A couple of years ago, on a visit to Malacca, in Malaysia, my wife and I were visiting the very old 17th century Protestant church. Inside the church I read a marble plaque on the wall, which was in dedication to Robert Morrison.
I knew of Morrison, the missionary and his work, being the first Protestant missionary to China, the man who translated the bible into Chinese.
He also founded the first Anglo/Chinese College in Malacca along with his co-worker, William Milne.
What I did not know was that he was born in Morpeth and grew up in Newcastle. That was of special significance to me.
My family were living in Heddon on the Wall, Northumberland, when I was born, and I grew up in the area and have spent the last 35 years of my life living and working in South East Asia.
So suddenly I developed a special interest in Robert Morrison.
Robert Morrison is not nearly so famous as the likes of David Livingstone, but there can be no doubt to the profound influence that the lad from Morpeth had on the most populous nations on earth.
I often wondered if the people of Morpeth and the area knew that such a great man came from among them, and I was wondering when someone would write to them about him.
The article never appeared so I thought that maybe I should write one.
I hope that the readers will have the pleasure in reading it that I had in researching it.
The rest of the story is taken from a translation of a tablet erected in his honour.
l In 1934, on the 100th anniversary of Morrison’s death, the Chinese Christian Church of Guang-Dong erected this tablet next to Morrison’s grave. Below is an English translation of the tablet.
“Dr Robert Morrison 100-year remembrance memorial stone epitaph.”
The story of a Christian Protestant who came to China to evangelise.
Mr Robert Morrison, in preparation for ministry, studied astronomy, medicine and Chinese prior to his journey to China in 1807.
Passing through the continent of America, a journey totalling 222 days, he arrived safely at Yang-Zhi. He stayed in a commercial market, secretly doing Christian mission work.
The situation was hostile. The Chinese Qing Government made missionary activity illegal, and they were under constant surveillance by the Roman Catholics. Nevertheless, Dr Morrison was not discouraged, but established a printing press in Macau, he printed his hand-translated Bible, prayers, holy hymns and pamphlets.
Afterwards he moved to Malacca and established the Ying-Wa College to educate the next generation to face a dark and dictatorial age.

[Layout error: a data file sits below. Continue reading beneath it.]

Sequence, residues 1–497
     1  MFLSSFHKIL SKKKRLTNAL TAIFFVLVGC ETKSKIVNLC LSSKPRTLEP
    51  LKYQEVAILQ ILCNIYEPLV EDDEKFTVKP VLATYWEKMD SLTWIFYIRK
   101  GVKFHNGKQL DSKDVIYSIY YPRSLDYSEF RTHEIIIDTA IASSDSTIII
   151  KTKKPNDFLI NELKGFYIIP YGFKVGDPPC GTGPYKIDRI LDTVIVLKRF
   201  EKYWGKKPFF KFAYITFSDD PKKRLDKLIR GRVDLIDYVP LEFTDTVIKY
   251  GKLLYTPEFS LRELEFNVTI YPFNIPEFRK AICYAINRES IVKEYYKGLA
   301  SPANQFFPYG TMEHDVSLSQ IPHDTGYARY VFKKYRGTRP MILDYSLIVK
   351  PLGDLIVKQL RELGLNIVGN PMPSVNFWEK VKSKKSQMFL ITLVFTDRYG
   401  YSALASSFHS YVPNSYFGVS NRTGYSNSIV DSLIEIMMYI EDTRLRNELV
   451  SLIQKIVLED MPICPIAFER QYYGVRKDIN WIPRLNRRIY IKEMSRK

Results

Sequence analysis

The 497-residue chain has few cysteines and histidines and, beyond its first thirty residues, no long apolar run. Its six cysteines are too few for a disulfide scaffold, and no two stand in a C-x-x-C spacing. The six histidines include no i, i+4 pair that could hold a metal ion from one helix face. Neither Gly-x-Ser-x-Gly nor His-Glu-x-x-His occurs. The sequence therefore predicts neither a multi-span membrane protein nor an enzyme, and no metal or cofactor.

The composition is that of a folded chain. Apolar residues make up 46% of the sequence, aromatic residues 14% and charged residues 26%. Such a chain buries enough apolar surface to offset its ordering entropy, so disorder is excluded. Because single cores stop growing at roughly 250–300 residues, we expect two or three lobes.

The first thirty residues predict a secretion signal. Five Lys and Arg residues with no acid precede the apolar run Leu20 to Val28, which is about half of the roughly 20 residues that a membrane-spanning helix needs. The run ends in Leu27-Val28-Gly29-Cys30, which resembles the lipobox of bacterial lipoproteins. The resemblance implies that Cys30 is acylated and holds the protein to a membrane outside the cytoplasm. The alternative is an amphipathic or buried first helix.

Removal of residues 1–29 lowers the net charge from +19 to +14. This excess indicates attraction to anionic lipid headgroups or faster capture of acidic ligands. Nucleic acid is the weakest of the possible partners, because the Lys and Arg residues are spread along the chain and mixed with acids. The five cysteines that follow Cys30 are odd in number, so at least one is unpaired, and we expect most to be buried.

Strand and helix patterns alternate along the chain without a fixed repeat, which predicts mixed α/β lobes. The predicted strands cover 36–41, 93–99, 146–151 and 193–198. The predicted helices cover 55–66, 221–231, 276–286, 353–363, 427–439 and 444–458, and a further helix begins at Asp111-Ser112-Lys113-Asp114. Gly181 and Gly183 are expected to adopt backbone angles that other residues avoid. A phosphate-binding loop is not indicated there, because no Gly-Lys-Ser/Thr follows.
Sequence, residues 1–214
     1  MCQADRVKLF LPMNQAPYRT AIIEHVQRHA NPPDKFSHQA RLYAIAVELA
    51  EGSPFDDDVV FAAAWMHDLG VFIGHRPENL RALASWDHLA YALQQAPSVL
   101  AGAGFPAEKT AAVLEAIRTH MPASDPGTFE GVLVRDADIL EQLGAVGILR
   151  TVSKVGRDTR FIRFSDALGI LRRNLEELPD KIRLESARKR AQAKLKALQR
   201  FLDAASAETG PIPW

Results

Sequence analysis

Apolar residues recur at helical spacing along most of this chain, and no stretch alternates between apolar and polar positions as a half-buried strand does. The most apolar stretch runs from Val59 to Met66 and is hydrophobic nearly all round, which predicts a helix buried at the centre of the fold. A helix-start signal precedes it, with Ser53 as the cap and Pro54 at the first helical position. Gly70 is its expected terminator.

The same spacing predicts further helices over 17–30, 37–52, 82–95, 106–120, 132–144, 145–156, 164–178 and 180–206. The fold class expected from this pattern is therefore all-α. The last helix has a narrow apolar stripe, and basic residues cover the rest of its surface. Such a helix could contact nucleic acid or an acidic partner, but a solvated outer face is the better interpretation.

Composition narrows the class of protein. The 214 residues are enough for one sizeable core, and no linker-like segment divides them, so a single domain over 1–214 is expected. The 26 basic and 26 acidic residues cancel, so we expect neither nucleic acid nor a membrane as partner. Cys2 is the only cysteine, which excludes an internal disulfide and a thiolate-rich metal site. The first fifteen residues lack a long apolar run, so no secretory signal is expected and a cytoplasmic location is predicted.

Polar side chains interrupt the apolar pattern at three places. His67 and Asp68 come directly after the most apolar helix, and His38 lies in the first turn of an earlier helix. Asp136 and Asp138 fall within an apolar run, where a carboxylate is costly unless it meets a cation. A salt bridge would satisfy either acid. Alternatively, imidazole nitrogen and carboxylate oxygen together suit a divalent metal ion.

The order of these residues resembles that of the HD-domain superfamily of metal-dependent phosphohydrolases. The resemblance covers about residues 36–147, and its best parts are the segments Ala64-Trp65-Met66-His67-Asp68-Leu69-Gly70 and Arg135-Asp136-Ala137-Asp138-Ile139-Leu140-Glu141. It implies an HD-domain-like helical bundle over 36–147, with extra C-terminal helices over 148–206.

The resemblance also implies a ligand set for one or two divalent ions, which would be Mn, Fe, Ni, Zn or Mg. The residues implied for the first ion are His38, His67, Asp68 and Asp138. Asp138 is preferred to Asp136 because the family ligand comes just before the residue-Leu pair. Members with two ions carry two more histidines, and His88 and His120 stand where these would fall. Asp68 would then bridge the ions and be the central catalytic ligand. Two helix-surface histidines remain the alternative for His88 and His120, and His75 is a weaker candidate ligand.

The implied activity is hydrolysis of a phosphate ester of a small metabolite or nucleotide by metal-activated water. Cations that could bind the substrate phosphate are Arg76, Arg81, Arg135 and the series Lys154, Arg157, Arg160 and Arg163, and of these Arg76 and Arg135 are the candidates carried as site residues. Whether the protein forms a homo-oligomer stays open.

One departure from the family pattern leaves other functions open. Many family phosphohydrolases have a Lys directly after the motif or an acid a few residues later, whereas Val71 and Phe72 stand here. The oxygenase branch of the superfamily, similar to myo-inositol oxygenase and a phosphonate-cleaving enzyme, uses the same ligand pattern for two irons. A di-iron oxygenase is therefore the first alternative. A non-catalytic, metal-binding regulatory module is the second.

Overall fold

Though his works were dangerous, he went forward courageously. He certainly received the help of God since Mr Morrison was physically weak and the working environment was poor and full of trials. Only his eldest was with him as the rest of his family stayed behind.
He wrote over 200 communiqués home to notify that the environment was challenging, but he was not giving up.
Through his dedication his biggest achievement was to successfully establish a solid foundation for the church in China.
On August 1, 1834, he passed away in sickness. Countless believers of all kinds cried in remembrance at the death bed of Mr Morrison. He died in the hope that, 100 years later, the Gospel he planted would grow 10,000 fold to places the eyes can see, to reach out to all the peoples.
We erect this stone on the 100th anniversary of the passing of Mr Morrison. From all the members of the Chinese Christian Church of Guang-Dong Association, in remembrance of a past giant, to express our highest admiration and sincerest, humble sadness, and to express our eternal gratitude.
The great Mr Morrison had a Christ-centered heart. Through the will of God he spread the Gospel.
By the guidance of the Holy Spirit he went through dangers to arrive at his destination.
Through him came many blessings to the Chinese people, like the rains are to the ground.
In suffering and trails he remained firm. He never gave up and was always dedicated.
Great is his humbleness beyond any past generations. The memory of him will last in eternity.”